Dundas Valley has been shaped by the Ponds Creek, around which many of the area's parks are located. The valley is bounded by both steep and gentle slopes feeding into the creek. The Ponds walk is a marked 6.6 kilometre track which follows the Ponds and Subiaco Creeks from Eric Mobbs Memorial Park in Carlingford to Jim Crowgey Reserve in Rydalmere. This walk follows a number of the parks in the Dundas Valley area. To reach the start of the walk, catch the M54 bus from Parramatta station, along Pennant Hills Rd. to Carlingford (near Marsden Rd.) The track ends not far from Victoria Road at Rydalmere.

Thomas Mitchell opened a quarry in 1832 on the site of the park that now bears his name. The quarry was a supplier of blue metal, used in road construction, into the 20th century. The 'blue metal' was quarried by convicts and carried to Ermington Wharf where it was ferried to Sydney. The quarry exposed a large volcanic formation between 200 and 250 million years old. Due to the geological significance of the area, it was visited by a number of famous scientists, including Charles Darwin and Douglas Mawson.

History of Carlingford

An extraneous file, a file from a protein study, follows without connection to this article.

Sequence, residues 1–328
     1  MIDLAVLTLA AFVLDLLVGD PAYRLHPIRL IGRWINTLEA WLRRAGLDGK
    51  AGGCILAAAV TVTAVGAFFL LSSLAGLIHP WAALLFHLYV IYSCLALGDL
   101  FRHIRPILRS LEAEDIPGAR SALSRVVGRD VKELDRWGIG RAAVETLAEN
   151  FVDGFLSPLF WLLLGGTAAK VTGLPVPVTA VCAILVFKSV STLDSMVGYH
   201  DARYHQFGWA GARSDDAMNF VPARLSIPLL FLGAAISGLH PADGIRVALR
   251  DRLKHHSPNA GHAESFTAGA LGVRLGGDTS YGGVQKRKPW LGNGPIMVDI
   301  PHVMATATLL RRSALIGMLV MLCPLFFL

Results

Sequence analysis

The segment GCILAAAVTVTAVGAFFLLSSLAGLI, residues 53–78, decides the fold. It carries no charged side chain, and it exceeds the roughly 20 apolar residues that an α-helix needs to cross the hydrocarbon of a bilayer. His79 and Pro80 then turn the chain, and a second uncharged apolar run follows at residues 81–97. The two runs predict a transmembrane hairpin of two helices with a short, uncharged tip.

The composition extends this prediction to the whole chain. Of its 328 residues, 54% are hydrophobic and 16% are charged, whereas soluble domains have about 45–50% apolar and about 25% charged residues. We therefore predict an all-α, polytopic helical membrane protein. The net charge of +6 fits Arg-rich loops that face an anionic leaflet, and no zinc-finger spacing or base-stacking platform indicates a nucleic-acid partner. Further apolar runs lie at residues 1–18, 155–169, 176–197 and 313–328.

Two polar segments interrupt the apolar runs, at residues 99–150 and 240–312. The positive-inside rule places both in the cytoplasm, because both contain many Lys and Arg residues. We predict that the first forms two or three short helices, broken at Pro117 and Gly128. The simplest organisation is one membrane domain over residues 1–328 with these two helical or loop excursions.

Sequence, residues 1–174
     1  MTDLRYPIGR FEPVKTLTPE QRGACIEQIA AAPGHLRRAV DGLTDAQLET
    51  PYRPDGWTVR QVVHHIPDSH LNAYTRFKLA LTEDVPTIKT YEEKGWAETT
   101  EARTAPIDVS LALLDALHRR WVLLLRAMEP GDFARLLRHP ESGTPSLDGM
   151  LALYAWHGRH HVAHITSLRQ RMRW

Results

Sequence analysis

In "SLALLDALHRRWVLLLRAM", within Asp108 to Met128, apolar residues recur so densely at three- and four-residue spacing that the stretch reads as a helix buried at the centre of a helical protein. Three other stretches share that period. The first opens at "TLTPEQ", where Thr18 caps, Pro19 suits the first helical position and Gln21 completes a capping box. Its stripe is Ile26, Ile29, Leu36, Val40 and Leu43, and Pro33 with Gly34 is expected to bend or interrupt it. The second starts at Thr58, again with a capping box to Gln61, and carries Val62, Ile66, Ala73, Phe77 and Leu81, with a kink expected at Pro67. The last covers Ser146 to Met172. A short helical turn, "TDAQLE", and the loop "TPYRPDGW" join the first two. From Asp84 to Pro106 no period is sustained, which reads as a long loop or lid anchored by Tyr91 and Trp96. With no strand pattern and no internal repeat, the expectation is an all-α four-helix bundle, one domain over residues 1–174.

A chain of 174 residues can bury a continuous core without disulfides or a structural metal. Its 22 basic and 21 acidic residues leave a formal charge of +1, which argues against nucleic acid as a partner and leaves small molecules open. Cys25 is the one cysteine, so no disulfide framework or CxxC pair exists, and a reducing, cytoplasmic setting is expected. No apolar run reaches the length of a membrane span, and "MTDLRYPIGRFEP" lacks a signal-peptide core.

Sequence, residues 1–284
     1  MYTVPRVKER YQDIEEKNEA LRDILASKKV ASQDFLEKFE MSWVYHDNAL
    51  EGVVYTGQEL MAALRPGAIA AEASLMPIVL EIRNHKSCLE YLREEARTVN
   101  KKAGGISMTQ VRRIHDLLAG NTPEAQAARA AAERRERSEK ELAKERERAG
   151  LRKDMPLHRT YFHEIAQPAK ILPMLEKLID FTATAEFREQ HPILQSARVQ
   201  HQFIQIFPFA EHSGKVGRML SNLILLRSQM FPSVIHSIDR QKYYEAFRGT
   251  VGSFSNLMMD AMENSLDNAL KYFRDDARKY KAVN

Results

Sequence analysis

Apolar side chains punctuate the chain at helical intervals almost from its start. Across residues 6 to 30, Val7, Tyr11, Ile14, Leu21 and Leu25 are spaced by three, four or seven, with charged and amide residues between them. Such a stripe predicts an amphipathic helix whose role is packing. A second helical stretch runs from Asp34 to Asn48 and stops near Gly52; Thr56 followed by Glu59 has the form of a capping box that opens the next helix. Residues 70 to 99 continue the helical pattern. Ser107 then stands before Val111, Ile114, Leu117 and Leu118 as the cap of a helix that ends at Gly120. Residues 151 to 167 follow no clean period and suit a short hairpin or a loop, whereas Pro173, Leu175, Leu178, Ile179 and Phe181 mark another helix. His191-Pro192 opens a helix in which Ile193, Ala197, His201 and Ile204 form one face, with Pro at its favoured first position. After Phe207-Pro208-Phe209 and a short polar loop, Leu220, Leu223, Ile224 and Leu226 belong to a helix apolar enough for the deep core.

References to Aboriginal people in the Carlingford historical record in the 18th, 19th and into the 20th century remain scant. The inhabitants of the Carlingford area at the time of the arrival of the First Fleet at Port Jackson in 1788 were the Wallumedegal or Wallumattagai people. The Wallumedegal appear to have been of the Eora language group. The clan name seems to have been derived from wallumai, the snapper fish, combined with matta, a word used in association with place  or sometimes waterplace .

Early land grants in the Carlingford area in the 1790s included those to Cox, Mobbs and Arndell. The name Carlingford came into use officially on 16 July 1883 for the name of the post office located at Mobbs Hill. There are varying accounts of how the name Carlingford was suggested. One version was that local Frederick Cox heard one of his employees describe similarities between Mobbs Hill and the town of Carlingford, County Louth, located in the east of Ireland. Alternatively, and perhaps a happy alignment with the former version, was that Carlingford was named in honour of Lord Carlingford, who was the British Under-secretary to the Colonies 1847-1860